The latest consideration of concurrent proximate causation arose in the interesting context of loss caused by the controlled explosion of a WWII bomb almost 80 years after it was dropped.  Was the damage “occasioned by war” and therefore excluded under the terms of the policy?

Head of Policyholder Disputes Aaron Le Marquer examines the recent Court of Appeal decision in University of Exeter v Allianz. In this unusual case, the Court of Appeal found that the second world war was a proximate cause of the loss despite the extreme passage of time, and the university’s claim was therefore excluded from coverage.

However, the judgment is perhaps most interesting for highlighting a number of questions that were not determined by the court rather than those that were. This suggests that the case may not represent the last word on the application of war exclusions to losses suffered long after a war has ended.



In 1942, Exeter suffered a series of devastating Luftwaffe bomb raids during the course of the second world war. One 1,000kg bomb fell onto farmland on the outskirts of the city but did not explode. Seventy-nine years later, in 2021, contractors working on what was by then a construction site adjacent to some of the University of Exeter’s halls of residence unearthed the bomb. It was determined that a controlled detonation was required to dispose of the bomb, which when carried out caused damage to buildings in the immediate vicinity of the site, including the university’s halls of residence.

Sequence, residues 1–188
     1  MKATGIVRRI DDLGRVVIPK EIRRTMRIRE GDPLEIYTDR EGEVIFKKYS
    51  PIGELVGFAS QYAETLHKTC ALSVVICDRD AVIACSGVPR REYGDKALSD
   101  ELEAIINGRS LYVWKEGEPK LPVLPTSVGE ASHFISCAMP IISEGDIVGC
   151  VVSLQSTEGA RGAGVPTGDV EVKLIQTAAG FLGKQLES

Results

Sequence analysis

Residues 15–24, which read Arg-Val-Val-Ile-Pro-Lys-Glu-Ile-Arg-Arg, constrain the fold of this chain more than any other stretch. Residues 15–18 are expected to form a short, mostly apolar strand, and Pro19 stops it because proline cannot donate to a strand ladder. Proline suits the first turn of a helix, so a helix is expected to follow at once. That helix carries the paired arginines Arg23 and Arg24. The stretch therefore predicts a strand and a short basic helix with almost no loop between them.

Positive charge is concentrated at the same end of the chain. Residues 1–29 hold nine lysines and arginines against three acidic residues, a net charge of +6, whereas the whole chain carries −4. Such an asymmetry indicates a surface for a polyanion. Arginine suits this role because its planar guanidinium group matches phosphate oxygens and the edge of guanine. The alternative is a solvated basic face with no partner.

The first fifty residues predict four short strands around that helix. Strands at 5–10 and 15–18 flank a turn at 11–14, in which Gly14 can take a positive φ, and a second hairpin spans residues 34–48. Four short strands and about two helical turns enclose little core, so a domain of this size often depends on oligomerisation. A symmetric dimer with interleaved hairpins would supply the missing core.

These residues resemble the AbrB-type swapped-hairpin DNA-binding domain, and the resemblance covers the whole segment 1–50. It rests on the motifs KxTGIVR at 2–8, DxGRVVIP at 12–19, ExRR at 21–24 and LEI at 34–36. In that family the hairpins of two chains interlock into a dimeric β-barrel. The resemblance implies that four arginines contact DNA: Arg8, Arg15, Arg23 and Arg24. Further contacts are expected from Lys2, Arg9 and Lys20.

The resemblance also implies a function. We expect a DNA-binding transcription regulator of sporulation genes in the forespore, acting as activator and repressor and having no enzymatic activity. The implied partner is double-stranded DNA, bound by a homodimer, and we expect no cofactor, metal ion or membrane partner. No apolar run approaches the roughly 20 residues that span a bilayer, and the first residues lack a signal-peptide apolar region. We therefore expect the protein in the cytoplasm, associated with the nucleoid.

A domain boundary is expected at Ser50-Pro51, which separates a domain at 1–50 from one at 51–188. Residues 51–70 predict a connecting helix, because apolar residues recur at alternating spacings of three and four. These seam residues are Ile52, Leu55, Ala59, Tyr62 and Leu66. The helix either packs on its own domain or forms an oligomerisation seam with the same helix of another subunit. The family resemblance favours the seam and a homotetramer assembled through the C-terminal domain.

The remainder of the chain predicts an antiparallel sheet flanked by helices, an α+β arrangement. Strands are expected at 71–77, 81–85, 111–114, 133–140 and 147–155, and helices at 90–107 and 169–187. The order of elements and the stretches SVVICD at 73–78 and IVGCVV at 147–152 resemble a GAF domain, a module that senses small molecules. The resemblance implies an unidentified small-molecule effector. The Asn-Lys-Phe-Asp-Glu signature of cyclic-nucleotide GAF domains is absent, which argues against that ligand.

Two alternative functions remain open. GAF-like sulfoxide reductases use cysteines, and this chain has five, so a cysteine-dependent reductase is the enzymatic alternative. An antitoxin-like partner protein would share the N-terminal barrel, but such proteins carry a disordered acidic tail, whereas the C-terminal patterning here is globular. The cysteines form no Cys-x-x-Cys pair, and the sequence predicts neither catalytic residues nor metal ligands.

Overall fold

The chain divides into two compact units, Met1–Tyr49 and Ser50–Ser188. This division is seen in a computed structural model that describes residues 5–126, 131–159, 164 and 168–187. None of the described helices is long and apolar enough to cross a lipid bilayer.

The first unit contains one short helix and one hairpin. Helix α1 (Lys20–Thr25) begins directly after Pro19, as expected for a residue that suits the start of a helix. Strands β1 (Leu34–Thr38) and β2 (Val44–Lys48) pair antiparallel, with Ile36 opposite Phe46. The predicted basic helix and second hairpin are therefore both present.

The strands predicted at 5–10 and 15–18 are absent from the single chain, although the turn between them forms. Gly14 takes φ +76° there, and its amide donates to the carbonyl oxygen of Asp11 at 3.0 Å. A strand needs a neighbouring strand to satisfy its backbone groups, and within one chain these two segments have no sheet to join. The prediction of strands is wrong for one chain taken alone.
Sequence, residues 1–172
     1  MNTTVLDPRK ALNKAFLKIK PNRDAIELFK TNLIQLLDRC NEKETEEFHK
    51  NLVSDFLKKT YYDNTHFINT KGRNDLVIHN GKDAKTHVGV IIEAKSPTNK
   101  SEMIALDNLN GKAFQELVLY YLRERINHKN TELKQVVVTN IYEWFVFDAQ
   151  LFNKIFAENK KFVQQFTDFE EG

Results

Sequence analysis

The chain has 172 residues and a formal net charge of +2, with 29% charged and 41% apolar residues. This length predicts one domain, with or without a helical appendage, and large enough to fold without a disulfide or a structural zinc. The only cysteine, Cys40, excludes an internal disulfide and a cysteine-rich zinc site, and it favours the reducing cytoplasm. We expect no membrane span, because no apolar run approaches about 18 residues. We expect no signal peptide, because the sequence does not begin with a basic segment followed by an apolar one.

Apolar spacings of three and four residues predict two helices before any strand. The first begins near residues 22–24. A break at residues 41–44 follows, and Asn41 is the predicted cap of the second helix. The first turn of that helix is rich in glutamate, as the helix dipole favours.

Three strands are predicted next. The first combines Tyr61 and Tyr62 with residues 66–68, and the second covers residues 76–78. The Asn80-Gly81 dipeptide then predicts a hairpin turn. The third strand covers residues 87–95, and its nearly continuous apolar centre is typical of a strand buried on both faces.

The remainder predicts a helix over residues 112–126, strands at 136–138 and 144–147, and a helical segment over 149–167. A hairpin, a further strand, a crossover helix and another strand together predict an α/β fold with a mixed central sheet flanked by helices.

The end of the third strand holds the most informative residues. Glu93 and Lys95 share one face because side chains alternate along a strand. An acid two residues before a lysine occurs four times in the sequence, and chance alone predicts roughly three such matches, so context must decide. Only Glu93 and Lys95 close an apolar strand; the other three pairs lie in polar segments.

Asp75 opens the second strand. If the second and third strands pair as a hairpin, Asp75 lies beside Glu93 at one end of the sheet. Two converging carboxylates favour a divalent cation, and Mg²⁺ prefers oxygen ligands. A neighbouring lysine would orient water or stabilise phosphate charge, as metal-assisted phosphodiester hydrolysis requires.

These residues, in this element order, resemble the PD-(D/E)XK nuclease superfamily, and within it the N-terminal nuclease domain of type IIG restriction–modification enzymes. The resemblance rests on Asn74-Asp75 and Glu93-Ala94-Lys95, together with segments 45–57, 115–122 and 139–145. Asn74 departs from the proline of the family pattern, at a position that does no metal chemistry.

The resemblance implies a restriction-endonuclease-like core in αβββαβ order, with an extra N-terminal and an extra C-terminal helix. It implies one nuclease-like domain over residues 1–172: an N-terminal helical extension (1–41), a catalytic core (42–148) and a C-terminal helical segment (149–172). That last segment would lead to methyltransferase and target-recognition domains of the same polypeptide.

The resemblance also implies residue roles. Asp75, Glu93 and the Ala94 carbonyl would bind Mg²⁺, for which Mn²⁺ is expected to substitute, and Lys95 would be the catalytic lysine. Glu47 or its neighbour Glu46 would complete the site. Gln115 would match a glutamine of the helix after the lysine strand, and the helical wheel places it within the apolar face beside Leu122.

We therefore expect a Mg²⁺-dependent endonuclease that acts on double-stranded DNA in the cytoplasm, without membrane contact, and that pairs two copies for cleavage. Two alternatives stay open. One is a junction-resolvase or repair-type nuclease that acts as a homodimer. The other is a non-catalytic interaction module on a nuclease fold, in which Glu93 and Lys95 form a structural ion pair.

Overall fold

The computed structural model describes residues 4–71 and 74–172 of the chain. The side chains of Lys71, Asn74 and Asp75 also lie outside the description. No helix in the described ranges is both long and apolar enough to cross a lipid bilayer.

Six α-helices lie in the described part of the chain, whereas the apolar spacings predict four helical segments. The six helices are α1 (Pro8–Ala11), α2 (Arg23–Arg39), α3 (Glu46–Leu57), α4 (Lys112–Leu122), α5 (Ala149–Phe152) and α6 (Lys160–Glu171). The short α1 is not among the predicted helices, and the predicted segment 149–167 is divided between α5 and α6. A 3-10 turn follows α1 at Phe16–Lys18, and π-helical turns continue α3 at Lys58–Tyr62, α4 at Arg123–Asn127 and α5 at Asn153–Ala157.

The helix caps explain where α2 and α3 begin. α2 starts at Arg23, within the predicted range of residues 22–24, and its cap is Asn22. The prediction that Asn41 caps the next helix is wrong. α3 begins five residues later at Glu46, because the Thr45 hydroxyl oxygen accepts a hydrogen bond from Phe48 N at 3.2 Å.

The university was insured for damage to its property under a policy issued by Allianz, which at general exclusion 2 excluded loss “occasioned by war”. Having refused to cover the claim in reliance on the war exclusion, Allianz then took the unusual step of issuing proceedings against the university, seeking declarations that it was entitled to decline the claim.

The primary issue before the court was whether the damage claimed by the university was “occasioned by war” and, therefore, excluded from coverage. It was agreed by the parties that the dropping of the bomb was an act of war and that the words “occasioned by” meant “proximately caused by” in the context of the policy. The issue, therefore, became whether the loss was proximately caused by the dropping of the bomb.

The university argued that the deliberate detonation of the bomb in 2021 was the sole proximate cause of the damage and that the claim was, therefore, covered. It claimed that the second world war was too remote to be viewed as a proximate cause of loss occurring in 2021, and the parties could not have intended that the war exclusion should apply to historic wars that had long ended.

The university’s alternative case, if the dropping of the bomb was found to be a concurrent proximate cause, was that the rule in Wayne Tank was ousted by the drafting of the war exclusion, which lacked the express references to multiple causes found in other exclusions. (The Wayne Tank rule is that insurers may avoid liability where there are concurrent proximate causes of damage, one of which is expressly excluded from coverage under the policy.) If the rule in Wayne Tank was ousted, as argued by the university, the excluded proximate cause would not prevail over the covered cause, and the claim would succeed.